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Advances in Physical Chemistry
Volume 2014 (2014), Article ID 863173, 8 pages
http://dx.doi.org/10.1155/2014/863173
Research Article

Equilibrium, Kinetics, and Thermodynamics of the Removal of Nickel(II) from Aqueous Solution Using Cow Hooves

1Department of Chemical Sciences, Afe Babalola University, PMB 5454, Ado-Ekiti, Nigeria
2Department of Chemistry, Federal University of Technology, PMB 704, Akure, Nigeria

Received 16 January 2014; Accepted 30 April 2014; Published 19 May 2014

Academic Editor: Jeffrey M. Zaleski

Copyright © 2014 I. Osasona et al. This is an open access article distributed under the Creative Commons Attribution License, which permits unrestricted use, distribution, and reproduction in any medium, provided the original work is properly cited.

Abstract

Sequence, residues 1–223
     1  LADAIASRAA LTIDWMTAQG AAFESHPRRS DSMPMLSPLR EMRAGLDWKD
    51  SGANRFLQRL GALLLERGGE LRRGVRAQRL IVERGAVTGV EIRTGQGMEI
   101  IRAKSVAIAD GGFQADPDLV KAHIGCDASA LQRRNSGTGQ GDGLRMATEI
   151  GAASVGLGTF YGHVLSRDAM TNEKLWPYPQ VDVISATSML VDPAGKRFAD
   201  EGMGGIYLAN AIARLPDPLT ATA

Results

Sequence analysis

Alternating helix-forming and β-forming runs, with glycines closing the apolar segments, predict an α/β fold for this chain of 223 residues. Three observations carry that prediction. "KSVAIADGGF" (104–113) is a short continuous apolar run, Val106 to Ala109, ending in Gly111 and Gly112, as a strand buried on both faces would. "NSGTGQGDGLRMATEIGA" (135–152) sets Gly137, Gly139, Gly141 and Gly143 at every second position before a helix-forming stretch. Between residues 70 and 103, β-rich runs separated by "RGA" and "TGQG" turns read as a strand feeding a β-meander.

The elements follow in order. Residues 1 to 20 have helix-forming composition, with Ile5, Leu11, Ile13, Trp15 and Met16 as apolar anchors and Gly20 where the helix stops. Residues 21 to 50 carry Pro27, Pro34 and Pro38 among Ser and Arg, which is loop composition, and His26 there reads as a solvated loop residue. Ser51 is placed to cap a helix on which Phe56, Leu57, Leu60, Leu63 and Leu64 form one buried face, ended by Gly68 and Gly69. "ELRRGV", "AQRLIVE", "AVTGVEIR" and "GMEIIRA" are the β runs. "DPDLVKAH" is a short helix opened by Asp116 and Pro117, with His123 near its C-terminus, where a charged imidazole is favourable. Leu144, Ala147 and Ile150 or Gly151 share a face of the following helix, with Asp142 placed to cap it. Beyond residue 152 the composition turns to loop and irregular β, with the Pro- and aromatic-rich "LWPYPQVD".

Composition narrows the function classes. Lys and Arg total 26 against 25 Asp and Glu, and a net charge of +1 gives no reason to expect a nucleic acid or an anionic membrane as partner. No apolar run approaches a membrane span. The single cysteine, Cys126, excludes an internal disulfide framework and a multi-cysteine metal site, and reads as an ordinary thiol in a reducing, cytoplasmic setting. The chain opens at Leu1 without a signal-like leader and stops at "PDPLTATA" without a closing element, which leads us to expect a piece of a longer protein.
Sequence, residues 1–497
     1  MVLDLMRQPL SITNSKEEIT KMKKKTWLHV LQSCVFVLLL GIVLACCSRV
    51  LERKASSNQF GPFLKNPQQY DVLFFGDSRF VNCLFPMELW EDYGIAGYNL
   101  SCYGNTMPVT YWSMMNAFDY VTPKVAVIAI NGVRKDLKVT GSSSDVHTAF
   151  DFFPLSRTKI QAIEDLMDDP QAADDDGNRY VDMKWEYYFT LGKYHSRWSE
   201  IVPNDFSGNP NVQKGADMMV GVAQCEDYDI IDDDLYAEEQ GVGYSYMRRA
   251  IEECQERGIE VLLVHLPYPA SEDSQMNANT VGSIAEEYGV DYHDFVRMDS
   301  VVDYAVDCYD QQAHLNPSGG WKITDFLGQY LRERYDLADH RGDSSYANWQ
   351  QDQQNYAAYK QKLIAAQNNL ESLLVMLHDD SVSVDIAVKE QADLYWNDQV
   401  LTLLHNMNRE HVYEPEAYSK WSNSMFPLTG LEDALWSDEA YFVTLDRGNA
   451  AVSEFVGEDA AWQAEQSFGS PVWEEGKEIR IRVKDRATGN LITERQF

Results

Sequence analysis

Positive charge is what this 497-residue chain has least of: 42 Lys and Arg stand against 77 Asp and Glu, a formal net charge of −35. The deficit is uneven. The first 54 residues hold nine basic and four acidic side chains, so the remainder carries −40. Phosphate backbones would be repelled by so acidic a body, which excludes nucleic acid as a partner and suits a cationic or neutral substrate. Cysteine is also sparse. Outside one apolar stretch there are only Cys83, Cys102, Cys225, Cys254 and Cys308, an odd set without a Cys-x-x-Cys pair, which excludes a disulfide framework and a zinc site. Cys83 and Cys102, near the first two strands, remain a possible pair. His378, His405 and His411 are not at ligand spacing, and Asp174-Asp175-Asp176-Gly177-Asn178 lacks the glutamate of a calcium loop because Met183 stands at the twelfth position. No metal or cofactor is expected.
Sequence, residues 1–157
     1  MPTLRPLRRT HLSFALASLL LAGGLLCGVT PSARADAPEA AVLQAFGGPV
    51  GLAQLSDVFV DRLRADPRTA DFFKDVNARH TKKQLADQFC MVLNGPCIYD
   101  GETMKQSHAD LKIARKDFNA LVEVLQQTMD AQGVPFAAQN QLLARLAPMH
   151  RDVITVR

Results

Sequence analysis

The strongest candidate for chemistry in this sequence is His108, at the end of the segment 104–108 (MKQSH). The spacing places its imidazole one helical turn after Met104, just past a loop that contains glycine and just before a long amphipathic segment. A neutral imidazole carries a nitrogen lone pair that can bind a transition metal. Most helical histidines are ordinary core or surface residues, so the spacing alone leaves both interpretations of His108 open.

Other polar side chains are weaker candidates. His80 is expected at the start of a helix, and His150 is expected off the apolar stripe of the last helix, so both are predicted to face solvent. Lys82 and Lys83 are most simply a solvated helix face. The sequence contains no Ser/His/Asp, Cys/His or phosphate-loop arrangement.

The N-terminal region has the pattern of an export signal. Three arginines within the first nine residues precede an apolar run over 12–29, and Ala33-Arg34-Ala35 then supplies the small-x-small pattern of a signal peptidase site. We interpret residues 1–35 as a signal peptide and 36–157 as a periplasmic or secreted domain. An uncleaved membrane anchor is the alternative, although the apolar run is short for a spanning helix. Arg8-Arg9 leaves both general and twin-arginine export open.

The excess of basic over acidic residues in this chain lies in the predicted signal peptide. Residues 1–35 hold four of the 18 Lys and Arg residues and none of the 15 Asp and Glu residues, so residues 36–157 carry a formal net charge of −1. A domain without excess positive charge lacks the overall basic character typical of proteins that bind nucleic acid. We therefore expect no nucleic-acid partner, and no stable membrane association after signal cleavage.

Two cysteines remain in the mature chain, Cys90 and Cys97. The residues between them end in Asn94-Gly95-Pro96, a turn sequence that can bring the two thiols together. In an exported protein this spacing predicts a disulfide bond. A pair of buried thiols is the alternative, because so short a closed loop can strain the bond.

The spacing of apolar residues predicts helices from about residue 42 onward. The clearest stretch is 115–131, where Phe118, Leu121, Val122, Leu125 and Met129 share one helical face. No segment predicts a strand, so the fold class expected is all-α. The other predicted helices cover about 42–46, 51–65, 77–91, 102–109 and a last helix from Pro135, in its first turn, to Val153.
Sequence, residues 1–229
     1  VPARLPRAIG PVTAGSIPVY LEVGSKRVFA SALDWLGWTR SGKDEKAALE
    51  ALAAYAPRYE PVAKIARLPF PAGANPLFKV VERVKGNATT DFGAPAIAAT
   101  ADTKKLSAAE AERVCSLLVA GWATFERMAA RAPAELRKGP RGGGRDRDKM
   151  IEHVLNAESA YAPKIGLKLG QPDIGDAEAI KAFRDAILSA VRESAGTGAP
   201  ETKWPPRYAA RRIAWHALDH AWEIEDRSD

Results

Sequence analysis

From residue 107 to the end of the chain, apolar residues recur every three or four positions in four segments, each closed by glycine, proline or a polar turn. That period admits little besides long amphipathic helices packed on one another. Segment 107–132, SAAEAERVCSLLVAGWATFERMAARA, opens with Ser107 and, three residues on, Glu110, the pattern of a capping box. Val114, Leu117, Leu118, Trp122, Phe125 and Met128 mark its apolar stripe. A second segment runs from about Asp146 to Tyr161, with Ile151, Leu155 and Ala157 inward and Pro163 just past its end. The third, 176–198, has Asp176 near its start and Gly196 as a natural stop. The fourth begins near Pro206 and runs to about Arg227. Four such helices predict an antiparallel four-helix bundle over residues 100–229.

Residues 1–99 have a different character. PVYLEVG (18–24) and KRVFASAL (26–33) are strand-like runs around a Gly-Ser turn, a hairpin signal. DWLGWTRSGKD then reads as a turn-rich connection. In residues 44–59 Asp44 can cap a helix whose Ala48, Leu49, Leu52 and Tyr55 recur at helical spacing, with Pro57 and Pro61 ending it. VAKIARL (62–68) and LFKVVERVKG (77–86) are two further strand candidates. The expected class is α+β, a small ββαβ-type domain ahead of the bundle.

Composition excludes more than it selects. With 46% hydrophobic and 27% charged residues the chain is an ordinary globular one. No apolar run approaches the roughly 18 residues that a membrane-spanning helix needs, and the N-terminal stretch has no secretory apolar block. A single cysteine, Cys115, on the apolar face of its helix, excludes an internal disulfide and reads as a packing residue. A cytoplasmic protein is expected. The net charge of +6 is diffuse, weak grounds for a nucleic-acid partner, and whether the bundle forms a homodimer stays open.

The feasibility of using powdered cow hooves (CH) for removing Ni2+ from aqueous solution was investigated through batch studies. The study was conducted to determine the effect of pH, adsorbent dosage, contact time, adsorbent particle size, and temperature on the adsorption capacity of CH. Equilibrium studies were conducted using initial concentration of Ni2+ ranging from 15 to 100 mgL−1 at 208, 308, and 318 K, respectively. The results of our investigation at room temperature indicated that maximum adsorption of Ni2+ occurred at pH 7 and contact time of 20 minutes. The thermodynamics of the adsorption of Ni2+ onto CH showed that the process was spontaneous and endothermic. Langmuir, Freundlich, and Dubinin-Radushkevich (D-R) isotherm models were used to quantitatively analysed the equilibrium data. The equilibrium data were best fitted by Freundlich isotherm model, while the adsorption kinetics was well described by pseudo-second-order kinetic equation. The mean adsorption energy obtained from the D-R isotherm revealed that the adsorption process was dominated by physical adsorption. Powdered cow hooves could be utilized as a low-cost adsorbent at room temperature under the conditions of pH 7 and a contact time of 20 minutes for the removal of Ni(II) from aqueous solution.